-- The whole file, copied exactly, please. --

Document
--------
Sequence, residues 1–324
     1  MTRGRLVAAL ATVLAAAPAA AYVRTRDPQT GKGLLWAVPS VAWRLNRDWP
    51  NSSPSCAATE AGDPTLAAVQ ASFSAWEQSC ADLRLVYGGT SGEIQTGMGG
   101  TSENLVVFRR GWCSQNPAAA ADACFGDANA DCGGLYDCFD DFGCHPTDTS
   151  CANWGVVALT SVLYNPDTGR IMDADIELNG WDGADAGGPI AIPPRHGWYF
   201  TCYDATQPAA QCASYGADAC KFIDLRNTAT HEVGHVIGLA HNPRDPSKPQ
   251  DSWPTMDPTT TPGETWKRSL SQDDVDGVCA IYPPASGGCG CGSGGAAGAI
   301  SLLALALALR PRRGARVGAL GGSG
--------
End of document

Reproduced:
Sequence, residues 1–324
     1  MTRGRLVAAL ATVLAAAPAA AYVRTRDPQT GKGLLWAVPS VAWRLNRDWP
    51  NSSPSCAATE AGDPTLAAVQ ASFSAWEQSC ADLRLVYGGT SGEIQTGMGG
   101  TSENLVVFRR GWCSQNPAAA ADACFGDANA DCGGLYDCFD DFGCHPTDTS
   151  CANWGVVALT SVLYNPDTGR IMDADIELNG WDGADAGGPI AIPPRHGWYF
   201  TCYDATQPAA QCASYGADAC KFIDLRNTAT HEVGHVIGLA HNPRDPSKPQ
   251  DSWPTMDPTT TPGETWKRSL SQDDVDGVCA IYPPASGGCG CGSGGAAGAI
   301  SLLALALALR PRRGARVGAL GGSG